The second element – a continued focus on markets like India and China – is an key, though the notoriously developed-world-focused financial analysts may not care. Apple has ignored these markets and Windows still has a true monopoly among operating systems. These facts, plus Nokia’s still dominant marketshare there, give the alliance a strong base on which it can build; Nokia can instantly create volume for the Windows Phone and a seemless integration with Wintel computers may give it an edge over low cost Chinese phone makers. At the very least, this element will buy the alliance time; at best, the “next billion” is a huge market. That’s where the first element is also critical.

To bring the alliance value, the goal of building a mobile ecosystem must truly assimilate the lesson of a recent The New York Times story about a start-up company that hoped to build a business around enabling group dates. The founders noted that the site’s users were mostly South or East Asians, but filed that fact away as “Interesting, but Unimportant.” Success came only when they reluctantly acknowledged that group dating wouldn’t fly in the US and shifted their focus to India. The world, as Thomas Freidman said, is flat. But that doesn’t mean people’s needs are the same everywhere. That’s why the word “global” in the language of this strategic element is troubling. Its use may seduce financial analysts, but unless an ecosystem to specific markets, it won’t amount to a hill of beans. At one time Nokia knew this lesson; it had had anthropologists in Indian villages whose work strengthened its market position there. Does it still remember that lesson and can it convince a monopoly to learn it too?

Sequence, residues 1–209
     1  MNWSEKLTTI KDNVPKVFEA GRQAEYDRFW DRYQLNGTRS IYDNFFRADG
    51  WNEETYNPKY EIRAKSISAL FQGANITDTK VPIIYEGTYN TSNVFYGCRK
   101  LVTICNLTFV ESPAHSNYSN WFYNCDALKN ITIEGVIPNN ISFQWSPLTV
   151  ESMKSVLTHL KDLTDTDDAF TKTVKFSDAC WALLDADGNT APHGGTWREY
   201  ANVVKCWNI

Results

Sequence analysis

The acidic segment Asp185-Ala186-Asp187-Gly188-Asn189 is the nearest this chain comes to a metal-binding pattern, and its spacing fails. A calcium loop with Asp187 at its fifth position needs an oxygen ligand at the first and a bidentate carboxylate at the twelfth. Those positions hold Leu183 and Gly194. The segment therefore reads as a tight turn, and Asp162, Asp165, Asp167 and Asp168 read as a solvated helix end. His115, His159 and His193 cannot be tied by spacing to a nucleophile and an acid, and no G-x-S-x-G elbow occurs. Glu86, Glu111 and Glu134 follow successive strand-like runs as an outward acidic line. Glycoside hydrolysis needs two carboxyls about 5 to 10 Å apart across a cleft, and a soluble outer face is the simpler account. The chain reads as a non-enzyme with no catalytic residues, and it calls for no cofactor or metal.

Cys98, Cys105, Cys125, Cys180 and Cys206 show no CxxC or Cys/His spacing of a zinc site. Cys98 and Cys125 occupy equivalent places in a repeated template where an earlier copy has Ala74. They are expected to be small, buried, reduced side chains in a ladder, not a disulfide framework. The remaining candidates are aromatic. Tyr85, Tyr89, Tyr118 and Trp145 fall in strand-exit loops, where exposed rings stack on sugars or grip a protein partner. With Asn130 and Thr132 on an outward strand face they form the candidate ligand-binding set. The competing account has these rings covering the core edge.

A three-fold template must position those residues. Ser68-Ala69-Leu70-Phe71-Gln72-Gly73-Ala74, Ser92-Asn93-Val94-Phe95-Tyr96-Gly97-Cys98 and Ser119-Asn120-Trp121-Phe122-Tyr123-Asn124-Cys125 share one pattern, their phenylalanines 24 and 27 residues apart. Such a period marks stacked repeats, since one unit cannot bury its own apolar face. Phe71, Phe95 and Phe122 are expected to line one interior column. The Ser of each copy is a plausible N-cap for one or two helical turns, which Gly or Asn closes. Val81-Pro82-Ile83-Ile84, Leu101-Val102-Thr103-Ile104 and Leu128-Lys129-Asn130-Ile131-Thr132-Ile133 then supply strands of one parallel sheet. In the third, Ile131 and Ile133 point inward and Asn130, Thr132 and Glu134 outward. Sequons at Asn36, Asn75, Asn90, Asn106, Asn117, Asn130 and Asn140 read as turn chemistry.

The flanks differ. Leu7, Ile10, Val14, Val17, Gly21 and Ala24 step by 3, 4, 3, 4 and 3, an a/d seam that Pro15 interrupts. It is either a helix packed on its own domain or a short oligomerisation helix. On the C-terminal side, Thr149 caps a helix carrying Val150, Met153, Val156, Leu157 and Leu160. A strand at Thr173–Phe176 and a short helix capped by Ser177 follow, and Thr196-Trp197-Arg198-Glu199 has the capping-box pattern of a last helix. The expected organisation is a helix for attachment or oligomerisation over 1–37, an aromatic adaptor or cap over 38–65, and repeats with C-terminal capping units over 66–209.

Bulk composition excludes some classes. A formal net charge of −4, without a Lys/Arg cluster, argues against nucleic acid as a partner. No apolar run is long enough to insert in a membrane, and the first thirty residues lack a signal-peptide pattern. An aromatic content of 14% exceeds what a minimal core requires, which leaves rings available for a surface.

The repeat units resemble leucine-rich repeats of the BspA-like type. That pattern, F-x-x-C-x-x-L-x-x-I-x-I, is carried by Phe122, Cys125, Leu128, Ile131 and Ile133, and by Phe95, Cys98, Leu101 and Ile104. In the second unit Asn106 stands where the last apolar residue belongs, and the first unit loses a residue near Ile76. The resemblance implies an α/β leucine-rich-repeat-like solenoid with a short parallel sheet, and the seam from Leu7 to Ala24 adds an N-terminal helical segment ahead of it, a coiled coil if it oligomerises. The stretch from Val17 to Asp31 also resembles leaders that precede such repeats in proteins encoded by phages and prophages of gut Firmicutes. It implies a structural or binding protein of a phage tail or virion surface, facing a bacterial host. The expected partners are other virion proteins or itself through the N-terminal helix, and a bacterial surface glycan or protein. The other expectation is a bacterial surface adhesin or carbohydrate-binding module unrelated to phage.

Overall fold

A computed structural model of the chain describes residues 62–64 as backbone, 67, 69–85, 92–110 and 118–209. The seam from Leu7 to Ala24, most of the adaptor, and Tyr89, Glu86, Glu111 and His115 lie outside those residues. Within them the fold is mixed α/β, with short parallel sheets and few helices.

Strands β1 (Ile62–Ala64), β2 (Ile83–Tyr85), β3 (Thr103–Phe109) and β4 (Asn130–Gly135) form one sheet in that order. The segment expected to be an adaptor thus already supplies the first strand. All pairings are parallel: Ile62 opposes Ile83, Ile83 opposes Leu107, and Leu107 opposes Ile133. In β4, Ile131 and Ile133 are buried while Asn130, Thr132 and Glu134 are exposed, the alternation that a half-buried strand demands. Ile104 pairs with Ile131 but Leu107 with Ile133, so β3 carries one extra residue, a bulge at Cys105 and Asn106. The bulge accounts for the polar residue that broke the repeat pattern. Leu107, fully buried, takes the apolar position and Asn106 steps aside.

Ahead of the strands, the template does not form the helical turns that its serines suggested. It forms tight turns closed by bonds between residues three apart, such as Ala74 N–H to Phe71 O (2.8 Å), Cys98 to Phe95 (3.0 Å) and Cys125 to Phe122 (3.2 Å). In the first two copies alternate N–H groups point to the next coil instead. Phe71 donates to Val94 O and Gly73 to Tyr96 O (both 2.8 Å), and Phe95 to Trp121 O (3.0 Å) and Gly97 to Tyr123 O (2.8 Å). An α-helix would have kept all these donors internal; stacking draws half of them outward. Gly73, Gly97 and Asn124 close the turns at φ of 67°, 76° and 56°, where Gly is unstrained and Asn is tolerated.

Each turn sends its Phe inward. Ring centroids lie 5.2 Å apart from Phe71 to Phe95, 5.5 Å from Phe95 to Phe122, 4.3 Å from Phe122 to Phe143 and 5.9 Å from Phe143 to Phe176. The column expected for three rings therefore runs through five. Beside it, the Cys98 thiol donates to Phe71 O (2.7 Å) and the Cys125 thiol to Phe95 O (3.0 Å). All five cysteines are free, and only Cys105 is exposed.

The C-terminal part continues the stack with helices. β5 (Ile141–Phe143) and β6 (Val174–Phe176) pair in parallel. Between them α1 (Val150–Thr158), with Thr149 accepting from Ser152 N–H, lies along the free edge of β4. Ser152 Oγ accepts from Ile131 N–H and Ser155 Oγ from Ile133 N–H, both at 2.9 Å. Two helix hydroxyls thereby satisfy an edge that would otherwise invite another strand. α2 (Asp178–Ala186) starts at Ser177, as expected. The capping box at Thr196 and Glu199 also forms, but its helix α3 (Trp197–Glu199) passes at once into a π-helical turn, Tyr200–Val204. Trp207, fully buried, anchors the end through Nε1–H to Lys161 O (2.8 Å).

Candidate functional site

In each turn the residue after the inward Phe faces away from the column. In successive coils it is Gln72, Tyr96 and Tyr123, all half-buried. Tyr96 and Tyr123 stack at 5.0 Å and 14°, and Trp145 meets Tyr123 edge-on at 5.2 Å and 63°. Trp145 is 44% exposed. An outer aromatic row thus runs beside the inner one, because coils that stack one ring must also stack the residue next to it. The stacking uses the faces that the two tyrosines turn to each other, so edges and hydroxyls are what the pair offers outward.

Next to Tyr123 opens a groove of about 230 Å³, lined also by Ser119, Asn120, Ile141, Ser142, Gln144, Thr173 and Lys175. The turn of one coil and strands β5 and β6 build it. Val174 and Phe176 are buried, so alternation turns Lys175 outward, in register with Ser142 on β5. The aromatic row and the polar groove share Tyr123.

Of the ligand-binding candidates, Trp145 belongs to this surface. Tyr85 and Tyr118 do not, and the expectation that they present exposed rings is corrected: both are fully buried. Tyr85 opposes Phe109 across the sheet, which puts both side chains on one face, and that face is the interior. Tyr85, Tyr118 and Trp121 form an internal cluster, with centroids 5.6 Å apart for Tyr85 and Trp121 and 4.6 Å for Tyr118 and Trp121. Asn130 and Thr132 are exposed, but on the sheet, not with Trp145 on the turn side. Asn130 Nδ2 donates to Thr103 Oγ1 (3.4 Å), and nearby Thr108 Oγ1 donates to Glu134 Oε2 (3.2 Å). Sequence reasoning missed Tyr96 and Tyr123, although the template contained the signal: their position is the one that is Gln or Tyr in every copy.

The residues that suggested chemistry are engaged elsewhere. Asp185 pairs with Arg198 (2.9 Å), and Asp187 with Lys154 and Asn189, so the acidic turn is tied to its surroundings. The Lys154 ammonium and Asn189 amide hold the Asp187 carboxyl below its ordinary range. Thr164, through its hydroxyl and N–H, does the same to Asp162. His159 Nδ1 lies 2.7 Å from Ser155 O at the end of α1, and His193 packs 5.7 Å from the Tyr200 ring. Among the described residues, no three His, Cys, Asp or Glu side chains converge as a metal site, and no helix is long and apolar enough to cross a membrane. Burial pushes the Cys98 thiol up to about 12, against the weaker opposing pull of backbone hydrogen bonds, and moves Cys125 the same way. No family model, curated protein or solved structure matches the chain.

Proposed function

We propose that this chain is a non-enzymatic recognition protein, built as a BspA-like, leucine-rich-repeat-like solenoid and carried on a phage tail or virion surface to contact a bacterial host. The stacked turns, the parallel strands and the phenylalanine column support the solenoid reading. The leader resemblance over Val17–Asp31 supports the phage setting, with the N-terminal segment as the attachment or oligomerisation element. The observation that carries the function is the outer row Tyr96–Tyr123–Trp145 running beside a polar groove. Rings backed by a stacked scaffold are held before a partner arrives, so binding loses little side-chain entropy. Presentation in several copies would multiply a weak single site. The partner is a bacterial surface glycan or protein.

The third element is critical for the long term and most troubling: Will two companies who haven’t created any disruptive technology recently be able to do so in the near future? Nokia’s Chairman Jorma Ollila had championed the Networked Organization philosophy and as CEO, had managed its phenomenal growth. I could make a cogent case that he and the Board had no choice but to create the alliance with Microsoft. (Which would explain why they pursued Mr. Elop in the first place.) Now, he must ensure that Mr. Elop realizes that his most critical tasks are (1) putting into leadership positions those within Nokia who are still capable of dancing gracefully on a knife’s edge and (2) using his deep knowledge of Microsoft to convince Mr. Ballmer to do the same. Then, and only then, will the alliance succeed. If so, I may one day become once again an enthusiastic customer of both companies.